When every benefit received is a right, there is no place for good manners, let alone for gratitude.— Theodore Dalrymple
The most joyful Theodore Dalrymple quotes that will transform you to a better person
Nonjudgmentalism is not really nonjudgmental.
It is the judgment that . . . everything is the same, nothing is better. This is as barbaric and untruthful a doctrine as has yet emerged from the fertile mind of man.
A curious reversal in the locus of moral concern has taken place: people feel responsible for everything except for what they do.
The bravest and most noble are not those who take up arms, but those who are decent despite everything; who improve what it is in their power to improve, but do not imagine themselves to be saviours. In their humble struggle is true heroism.
Where a reputation for intolerance is more feared than a reputation for vice itself, all manner of evil may be expected to flourish.
Feeling good about yourself is not the same thing as doing good.
Good policy is more important than good feelings.
If the history of the 20th Century proved anything, it proved that however bad things were, human ingenuity could usually find a way to make them worse.
Equality of Ugliness: If we can't all live in a beautiful place we must all live in an ugly place.
There is nothing an addict likes more, or that serves as better pretext for continuing his present way of life, than to place the weight of responsibility for his situation somewhere other than on his own decisions.
There is something deeply attractive, at least to quite a lot of people, about squalor, misery, and vice. They are regarded as more authentic, and certainly more exciting, than cleanliness, happiness, and virtue.
To regret religion is to regret Western civilization.
The aim of untold millions is to be free to do exactly as they choose and for someone else to pay when things go wrong.
The idea that man is a tabula rasa, or Mao's sheet of blank paper upon which the most beautiful characters can be written, is an old one with disastrous implications. I do not think though that the cults you mention could survive honest thought about human nature.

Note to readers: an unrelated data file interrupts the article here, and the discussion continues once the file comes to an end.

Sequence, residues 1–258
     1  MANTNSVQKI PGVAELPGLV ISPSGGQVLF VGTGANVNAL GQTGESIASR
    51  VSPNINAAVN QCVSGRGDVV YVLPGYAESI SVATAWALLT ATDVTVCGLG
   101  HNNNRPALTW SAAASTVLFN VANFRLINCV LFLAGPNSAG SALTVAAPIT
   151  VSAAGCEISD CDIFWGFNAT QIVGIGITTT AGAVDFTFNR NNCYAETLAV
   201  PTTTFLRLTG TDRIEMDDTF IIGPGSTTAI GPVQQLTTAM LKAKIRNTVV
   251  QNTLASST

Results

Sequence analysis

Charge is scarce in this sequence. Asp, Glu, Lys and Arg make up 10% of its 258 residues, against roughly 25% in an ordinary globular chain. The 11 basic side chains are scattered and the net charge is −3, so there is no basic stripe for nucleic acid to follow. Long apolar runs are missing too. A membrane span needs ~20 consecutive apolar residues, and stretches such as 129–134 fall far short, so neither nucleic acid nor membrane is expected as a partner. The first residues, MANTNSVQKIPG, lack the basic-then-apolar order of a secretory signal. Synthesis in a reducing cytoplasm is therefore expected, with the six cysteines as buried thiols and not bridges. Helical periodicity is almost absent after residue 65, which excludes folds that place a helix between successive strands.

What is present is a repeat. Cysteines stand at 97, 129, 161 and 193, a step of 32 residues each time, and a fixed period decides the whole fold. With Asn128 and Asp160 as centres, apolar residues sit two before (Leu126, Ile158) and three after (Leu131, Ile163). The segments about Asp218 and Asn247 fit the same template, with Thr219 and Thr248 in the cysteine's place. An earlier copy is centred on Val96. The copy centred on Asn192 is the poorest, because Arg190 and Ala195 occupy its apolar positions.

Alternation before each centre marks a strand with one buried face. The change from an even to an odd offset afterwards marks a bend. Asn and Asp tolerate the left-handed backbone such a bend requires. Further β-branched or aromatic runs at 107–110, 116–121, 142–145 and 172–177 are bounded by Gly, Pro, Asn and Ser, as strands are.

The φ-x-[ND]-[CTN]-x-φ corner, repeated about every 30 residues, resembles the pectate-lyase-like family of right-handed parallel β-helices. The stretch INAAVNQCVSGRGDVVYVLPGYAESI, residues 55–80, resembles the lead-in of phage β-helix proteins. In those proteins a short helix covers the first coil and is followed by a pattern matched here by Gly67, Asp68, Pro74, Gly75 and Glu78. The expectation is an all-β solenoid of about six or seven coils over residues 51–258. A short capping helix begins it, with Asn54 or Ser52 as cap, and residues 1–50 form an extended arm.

The need always to lie and always to avoid the truth stripped everyone of what Custine called 'the two greatest gifts of God-the soul and the speech which communicates it.' People became hypocritical, cunning, mistrustful, cynical, silent, cruel, and indifferent to the fate of others as a result of the destruction of their own souls.
Childhood in large parts of modern Britain, at any rate, has been replaced by premature adulthood, or rather adolescence. Children grow up very fast but not very far. That is why it is possible for 14 year olds now to establish friendships with 26 year olds - because they know by the age of 14 all they are ever going to know.
The idea that freedom is merely the ability to act upon one's whims is surely very thin and hardly begins to capture the complexities of human existence; a man whose appetite is his law strikes us not as liberated but enslaved.
Orders can be benign or malign, but the habit of obeying them can become ingrained.
It is only by having desire thwarted, and thereby learning to control it — in other words, by becoming civilized — that men become fully human.
I've heard a hundred different variations of instances of unadulterated female victimhood, yet the silence of the feminists is deafening. Where two pieties--feminism and multi-culturalism--come into conflict, the only way of preserving both is an indecent silence.
There is nothing that an intellectual less likes to change than his mind, or a politician his policy.
Obesity is the result of a loss of self-control.
Indeed, loss of self-control might be said to be the defining social (or anti-social) characteristic of our age: public drunkenness, excessive gambling, promiscuity and common-or-garden rudeness are all examples of our collective loss of self-control.
When people are forced to remain silent when they are being told the most obvious lies, or even worse when they are forced to repeat the lies themselves, they lose once and for all their sense of probity. To assent to obvious lies is to co-operate with evil, and in some small way to become evil oneself. One's standing to resist anything is thus eroded, and even destroyed. A society of emasculated liars is easy to control.
How many people does each of us know who claim to seek happiness but freely choose paths inevitably leading to misery?
The loss of the religious understanding of the human condition—that Man is a fallen creature for whom virtue is necessary but never fully attainable—is a loss, not a gain, in true sophistication. The secular substitute—the belief in the perfection of life on earth by the endless extension of a choice of pleasures—is not merely callow by comparison but much less realistic in its understanding of human nature.
Do I grow cleverer with age, or does the world grow more stupid?
Life is a biography, not a series of disconnected moments, more or less pleasurable but increasingly tedious and unsatisfying unless one imposes a purposive pattern upon them.